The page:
9. No worries! I’m on a learning curve with this early setup myself. One thing I have learned is that the OD engagement is entirely mechanical/centrifugal. The solenoid is strictly for disengagement when the kick down switch is activated. I did install an NOS solenoid and verified the wiring to be correct just to rule those things out. From the 1941 Studebaker shop manual:
  10. Matt, I’ve owned/driven more cars than I can count with a BW overdrive transmission. I understand the operation and function of the system. I know what to expect from the free-wheeling while driving. Maybe I wasn’t clear in my initial posting. I’ll try to clarify. Break down of what’s happening: Overdrive cable pushed in. Car at a standstill. Let out clutch while in any forward gear - nothing happens. Car acts as if transmission is in neutral. Rev engine while clutch is out and transmission in forward gear - transmission violently engages with no forewarning. —— The car should move forward from a stand still by simply letting the clutch out, regardless of whether or not the OD is engaged or not. The car should not act like it’s in neutral when in a forward gear at a stand still, and then “bang” into gear when revving the engine. If something does break, at least then I’d know what to fix.
  11. I have a ‘41 Studebaker Commander with a Borg Warner T86 and R7 overdrive. The car is a recent acquisition. The previous owner (deceased) finished an extensive body-off restoration about 20 years ago. It was driven 200 miles and sat in his garage since. I think I’ve figured out why. Problem: With the overdrive cable pulled out (OD disengaged), the transmission works flawlessly as a straight 3 speed. With the overdrive lockout cable pushed in (OD engaged), the transmission free-wheels in all forward gears. It’s as though the transmission is in neutral. However, if you give the engine some gas and get the RPMs up, there is a loud BANG and, albeit violently, the transmission engages and the car launches forward. I drove the car down our mile-long driveway and confirmed that the OD is functional at 30+ mph. I have had the OD section apart 4 times and have replaced every single internal component with original NOS parts. The problem persists. Nobody on my contact list has ever seen this problem before and I’m at a loss. Online info and references for the R7 overdrive is nonexistent. I don’t have another transmission to swap in. Anyone have any ideas or insight?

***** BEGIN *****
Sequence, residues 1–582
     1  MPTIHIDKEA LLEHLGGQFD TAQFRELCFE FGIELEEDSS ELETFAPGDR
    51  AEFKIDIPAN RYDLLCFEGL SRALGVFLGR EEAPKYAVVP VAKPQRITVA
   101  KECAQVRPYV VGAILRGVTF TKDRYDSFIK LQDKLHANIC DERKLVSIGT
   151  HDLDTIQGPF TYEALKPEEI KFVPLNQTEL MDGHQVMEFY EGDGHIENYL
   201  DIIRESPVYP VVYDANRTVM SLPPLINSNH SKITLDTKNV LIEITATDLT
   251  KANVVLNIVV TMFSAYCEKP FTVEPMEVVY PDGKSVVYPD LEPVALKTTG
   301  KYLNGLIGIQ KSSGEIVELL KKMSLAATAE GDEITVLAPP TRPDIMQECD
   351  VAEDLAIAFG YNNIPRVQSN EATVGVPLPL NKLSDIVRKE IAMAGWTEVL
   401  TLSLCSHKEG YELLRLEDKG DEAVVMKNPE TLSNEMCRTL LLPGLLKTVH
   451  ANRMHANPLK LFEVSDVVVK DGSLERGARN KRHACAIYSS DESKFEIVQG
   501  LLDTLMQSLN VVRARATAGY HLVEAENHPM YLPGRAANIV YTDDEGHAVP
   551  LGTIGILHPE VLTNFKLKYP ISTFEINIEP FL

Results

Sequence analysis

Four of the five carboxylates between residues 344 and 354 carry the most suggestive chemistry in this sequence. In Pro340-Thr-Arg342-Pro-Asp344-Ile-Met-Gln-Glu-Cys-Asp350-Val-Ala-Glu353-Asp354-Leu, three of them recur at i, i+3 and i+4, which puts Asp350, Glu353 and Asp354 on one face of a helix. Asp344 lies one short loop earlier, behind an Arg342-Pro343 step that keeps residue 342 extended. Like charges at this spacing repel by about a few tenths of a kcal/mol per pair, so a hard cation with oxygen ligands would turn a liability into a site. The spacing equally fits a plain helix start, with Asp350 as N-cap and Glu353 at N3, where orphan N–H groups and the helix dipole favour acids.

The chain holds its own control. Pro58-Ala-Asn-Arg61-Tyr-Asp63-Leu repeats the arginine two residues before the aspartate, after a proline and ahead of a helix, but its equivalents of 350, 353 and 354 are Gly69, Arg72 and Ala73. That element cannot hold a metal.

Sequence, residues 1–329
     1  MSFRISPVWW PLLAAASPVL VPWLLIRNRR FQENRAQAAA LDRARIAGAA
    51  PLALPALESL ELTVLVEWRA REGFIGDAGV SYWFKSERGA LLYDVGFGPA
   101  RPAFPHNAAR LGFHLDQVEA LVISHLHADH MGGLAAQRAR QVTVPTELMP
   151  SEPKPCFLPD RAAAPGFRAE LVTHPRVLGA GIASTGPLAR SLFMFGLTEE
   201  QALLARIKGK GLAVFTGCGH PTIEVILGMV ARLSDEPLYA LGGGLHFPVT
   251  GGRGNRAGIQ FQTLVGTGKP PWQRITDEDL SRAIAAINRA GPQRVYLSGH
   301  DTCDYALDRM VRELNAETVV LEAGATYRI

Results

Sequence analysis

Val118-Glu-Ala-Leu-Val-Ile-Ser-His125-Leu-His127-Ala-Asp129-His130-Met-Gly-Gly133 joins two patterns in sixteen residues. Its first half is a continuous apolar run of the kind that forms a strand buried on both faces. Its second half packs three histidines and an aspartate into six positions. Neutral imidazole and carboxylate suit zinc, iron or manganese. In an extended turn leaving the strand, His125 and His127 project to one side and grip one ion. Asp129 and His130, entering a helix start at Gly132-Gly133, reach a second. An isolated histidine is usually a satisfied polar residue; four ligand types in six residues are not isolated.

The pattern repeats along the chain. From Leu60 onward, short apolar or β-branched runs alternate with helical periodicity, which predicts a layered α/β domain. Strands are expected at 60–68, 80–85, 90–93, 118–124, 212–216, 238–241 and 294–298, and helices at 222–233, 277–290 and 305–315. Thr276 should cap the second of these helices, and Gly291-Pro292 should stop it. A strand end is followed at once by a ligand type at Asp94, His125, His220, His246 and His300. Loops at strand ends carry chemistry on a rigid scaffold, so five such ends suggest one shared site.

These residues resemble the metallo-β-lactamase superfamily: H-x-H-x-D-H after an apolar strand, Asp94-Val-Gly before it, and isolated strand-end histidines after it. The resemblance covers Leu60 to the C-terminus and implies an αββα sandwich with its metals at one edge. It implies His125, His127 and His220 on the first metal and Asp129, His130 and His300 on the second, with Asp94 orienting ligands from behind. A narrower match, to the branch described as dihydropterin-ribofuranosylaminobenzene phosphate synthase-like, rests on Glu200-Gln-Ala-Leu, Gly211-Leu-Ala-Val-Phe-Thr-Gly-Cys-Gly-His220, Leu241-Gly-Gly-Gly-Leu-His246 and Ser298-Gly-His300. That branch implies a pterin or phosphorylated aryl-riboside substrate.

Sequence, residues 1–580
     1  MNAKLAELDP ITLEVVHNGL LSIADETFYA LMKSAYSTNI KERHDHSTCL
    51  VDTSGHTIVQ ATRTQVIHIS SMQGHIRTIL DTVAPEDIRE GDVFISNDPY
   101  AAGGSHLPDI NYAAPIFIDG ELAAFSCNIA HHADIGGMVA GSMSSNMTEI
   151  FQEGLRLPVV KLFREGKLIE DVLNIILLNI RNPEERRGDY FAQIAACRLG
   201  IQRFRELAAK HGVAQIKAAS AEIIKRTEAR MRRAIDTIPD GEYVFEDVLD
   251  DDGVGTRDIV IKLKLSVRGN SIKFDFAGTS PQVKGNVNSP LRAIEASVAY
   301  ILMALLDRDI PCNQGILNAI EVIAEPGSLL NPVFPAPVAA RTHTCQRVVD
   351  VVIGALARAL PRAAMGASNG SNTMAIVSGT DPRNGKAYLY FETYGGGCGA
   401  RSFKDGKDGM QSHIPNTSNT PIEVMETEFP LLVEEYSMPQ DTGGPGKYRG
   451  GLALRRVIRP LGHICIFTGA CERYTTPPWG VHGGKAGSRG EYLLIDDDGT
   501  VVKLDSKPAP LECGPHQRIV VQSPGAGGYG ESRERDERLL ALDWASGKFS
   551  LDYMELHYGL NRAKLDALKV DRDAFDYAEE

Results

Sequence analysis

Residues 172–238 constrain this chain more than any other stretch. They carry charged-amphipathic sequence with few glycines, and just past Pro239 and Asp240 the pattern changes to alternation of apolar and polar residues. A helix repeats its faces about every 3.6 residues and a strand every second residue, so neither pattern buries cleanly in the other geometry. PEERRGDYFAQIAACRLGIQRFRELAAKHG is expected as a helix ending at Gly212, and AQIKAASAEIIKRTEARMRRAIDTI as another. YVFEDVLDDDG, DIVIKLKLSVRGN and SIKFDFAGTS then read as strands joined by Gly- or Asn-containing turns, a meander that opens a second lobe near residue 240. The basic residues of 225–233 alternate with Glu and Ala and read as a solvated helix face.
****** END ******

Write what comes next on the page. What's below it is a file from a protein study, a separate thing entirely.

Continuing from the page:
12. Good for SDC, this seems fair. I’ve never quite understood why the ASC and AOAI both work so hard to remain exclusive from SDC, yet fully expect to tag off of the SDC’s international meets every year and have free access to SDC events. All three of these clubs are in a general state of declining membership. Maybe one day the clubs can merge and be one big happy Studebaker family. Being separate isn’t benefitting anyone. On a similar note; I was a member of ASC a decade ago. As a 20 year old, I joined about a month before attending the National meet in Glendale, AZ. I registered for the SDC meet but not the ASC meet; I was 20 years old and didn’t know any better. Even though I was a brand new ASC member, I was charged a dollar to enter the ASC’s hospitality room, because I wasn’t registered for the ASC meet. (Didn’t seem very hospitable!) If the ASC can charge money to enter their hospitality room to those who didn’t register, then SDC can charge for entrance into their events for the same reason. ——
  13. That photo was taken when it was in Washington state. It was purchased by a guy in South Carolina who did some amateur restoration work on it, and had it running and driving. He sold it and I lost track after that.
  14. We use 600W in the 1916. Seems to work well.